(Looking for an incubator recommendation? Here’s my favorite!)

 

The first time we hatched chicks on our homestead, it was a great day – we could increase our flock (and our food supply), develop our own line of healthy hens, and watch as the chicks grew into healthy adults. Fun!

 

I’m sure you will want to start incubating your own chicken eggs also – and it starts with storing them properly.

 

In this article, I’m going to show you how to store your chicken eggs so they’re in the best shape possible for incubation – yes, how you store the eggs does impact whether they are likely to hatch or not.

 

If you want to learn how to hatch chicken eggs, I have a detailed article on that here. And I’m going to assume you have both hens and roosters – without the rooster, your chicken eggs won’t be fertile.

 

Before we get started, though, there’s a couple things to keep in mind:

 

Tip #1: Avoid washing the chicken eggs

As you probably know, when eggs are laid, they have something called the “bloom” on them. This extra layer keeps bacteria and other nasties out of the egg, protecting the precious oocyte from harm.

 

It’s important to not wash your hatching eggs – you’ll remove the bloom, and potentially expose the chick embryo to bacteria, crushing your hopes of hearing peeping and getting to watch them zip into life.

 

Tip #2: Stay away from eggs that have abnormal shapes

Abnormally-shaped eggs are good for eating in most cases (there are some exceptions like lash eggs), but they won’t really give you a good result when it comes to hatching.

 

Excessively big eggs might contain double yolks (these rarely hatch because there’s not enough room in the shell for both embryos in most cases) or even another whole egg.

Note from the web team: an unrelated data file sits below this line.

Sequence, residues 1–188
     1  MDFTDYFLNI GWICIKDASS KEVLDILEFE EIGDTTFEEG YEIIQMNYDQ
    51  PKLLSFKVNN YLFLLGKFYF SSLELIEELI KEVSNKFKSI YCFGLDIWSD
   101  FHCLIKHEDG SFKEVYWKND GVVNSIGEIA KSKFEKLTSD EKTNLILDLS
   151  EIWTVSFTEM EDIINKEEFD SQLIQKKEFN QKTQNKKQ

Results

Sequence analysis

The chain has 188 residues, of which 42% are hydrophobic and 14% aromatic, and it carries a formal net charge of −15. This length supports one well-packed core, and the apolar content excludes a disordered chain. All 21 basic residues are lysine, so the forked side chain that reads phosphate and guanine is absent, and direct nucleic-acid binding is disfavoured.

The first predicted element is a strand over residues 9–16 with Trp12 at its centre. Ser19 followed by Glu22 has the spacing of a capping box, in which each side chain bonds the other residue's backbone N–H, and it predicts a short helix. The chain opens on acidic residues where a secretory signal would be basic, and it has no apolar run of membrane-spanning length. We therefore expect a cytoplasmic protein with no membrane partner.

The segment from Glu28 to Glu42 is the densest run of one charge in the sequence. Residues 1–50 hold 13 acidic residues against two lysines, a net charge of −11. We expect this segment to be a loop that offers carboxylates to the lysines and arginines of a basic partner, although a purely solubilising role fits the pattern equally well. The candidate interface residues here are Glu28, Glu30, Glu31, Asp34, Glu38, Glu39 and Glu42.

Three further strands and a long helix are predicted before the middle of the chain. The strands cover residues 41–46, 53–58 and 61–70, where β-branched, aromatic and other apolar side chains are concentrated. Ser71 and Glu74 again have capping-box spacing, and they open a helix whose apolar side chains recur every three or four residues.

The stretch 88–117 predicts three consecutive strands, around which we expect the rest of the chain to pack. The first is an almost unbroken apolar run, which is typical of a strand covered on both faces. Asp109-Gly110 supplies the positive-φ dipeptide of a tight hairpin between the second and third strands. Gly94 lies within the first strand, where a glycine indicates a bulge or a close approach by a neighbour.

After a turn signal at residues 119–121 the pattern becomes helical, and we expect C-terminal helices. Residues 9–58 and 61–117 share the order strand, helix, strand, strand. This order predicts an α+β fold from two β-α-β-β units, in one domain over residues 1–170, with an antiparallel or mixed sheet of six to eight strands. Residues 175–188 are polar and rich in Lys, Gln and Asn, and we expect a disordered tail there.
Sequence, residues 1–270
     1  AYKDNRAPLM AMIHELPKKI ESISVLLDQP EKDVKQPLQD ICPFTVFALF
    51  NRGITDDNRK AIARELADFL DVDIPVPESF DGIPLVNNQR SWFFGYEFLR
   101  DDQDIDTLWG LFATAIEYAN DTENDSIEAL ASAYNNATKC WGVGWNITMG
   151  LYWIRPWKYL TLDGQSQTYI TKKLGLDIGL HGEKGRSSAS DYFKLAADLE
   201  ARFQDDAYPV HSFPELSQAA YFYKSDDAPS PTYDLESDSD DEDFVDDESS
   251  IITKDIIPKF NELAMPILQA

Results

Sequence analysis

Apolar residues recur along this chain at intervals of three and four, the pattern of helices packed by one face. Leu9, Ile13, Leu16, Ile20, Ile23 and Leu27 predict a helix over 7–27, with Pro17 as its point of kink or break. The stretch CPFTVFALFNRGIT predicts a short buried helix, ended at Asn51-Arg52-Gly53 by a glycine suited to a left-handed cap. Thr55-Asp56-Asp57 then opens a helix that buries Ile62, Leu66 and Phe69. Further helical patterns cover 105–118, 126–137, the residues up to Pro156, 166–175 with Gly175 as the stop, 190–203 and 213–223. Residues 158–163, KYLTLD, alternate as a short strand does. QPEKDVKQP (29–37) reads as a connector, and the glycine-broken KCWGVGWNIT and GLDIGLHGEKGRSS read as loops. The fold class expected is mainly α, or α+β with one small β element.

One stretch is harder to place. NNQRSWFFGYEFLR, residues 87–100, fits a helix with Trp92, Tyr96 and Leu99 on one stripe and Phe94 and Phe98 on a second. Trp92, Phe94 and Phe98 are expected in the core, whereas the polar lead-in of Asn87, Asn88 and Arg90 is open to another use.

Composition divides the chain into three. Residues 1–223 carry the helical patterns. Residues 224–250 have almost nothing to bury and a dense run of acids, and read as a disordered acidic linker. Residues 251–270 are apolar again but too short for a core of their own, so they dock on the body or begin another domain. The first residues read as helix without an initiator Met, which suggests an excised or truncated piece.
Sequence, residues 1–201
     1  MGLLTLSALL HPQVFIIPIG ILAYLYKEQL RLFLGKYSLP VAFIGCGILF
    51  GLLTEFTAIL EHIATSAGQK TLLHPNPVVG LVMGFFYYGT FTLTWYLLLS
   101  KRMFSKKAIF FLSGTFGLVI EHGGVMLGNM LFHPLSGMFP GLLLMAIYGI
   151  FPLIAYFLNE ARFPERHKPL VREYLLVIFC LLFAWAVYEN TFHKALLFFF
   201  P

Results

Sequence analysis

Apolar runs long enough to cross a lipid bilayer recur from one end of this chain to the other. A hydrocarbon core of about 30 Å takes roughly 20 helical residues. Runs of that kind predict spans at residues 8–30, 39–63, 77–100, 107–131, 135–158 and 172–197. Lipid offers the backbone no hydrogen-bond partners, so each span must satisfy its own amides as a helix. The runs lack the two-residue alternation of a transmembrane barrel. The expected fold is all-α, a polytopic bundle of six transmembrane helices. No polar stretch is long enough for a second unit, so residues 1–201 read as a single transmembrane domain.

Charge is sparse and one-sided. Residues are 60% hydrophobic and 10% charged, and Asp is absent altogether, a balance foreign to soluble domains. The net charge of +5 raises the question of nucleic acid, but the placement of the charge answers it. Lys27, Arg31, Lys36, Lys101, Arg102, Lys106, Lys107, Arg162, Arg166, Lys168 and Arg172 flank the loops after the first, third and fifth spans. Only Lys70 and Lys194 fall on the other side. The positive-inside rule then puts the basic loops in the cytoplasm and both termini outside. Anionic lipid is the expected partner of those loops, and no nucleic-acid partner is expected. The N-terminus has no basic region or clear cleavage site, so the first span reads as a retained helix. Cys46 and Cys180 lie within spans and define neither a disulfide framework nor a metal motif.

Chicken eggs with a lumpy shell might not have a big enough air sac or an air sac that’s too large. Bottom line: You only want to incubate eggs that are a regular egg shape.

 

Tip #3: Stay away from cracked eggs.

Yes, you can glue a crack back together, and it might hatch. But make things easy on yourself – only incubate uncracked eggs.

 

Storing fertile eggs

Start by collecting eggs no more than 10 days before the incubation process (the fresher, the better), and keep them out of an area that’s too hot or too cool (room temperature is best) and away from the sun. The last thing you want is too much heat to kick start the incubation process.

 

If you live in a hot area (for example, if it’s over 100 degrees every day in the summer), you’ll want to collect your eggs frequently.

 

I’ve had readers send me photos of eggs they had left in their coop for too many days – and indeed, the embryos in the eggs had started to develop. It’s gross, and you don’t want to deal with that.

 

Store chicken hatching eggs

 

Another common question I get is “how long can eggs sit out before incubating?” I personally don’t incubate eggs that are older than 10 days, and I prefer eggs that are no older than 7 days.

 

Keep eggs in cartons – pointy side down

Keep your chicken hatching eggs in cartons like these (or like this if you want a reuseable one) to keep them safe and clean, and be sure to store them with the pointed end down. This will protect the air sac and make sure the yolk stays where it should, which is critical for your chicken embryos to grow into chicks.

Store Chicken Hatching Eggs Like A Pro With These Tips!

 

Turn your eggs consistently

This is to prevent the embryo from sticking to the internal membrane. Hens turn their eggs seveal gimes a day; you can do it 2-3, and just be sure to do it gently.

 

That’s pretty much the skinny on storing chicken eggs for hatching!

I’d like to hear from you!

How do you store chicken hatching eggs? What are your best tips? Leave a comment below!

How to Hatch Chicken Eggs (Even Without Incubators)

How to Hatch Chicken Eggs (Even Without Incubators)

Fluffy chicks are the best and learning how to hatch chicken eggs (and hatch eggs at home without an incubator) is a ton of fun!

 

Letting Mother Nature (who knows how to incubate chicken eggs perfectly) do her thing is always best, but if your hens aren’t broody (wanting to sit on eggs) or if you want to maintain a precise environment for your hatching eggs, incubating them is a good option.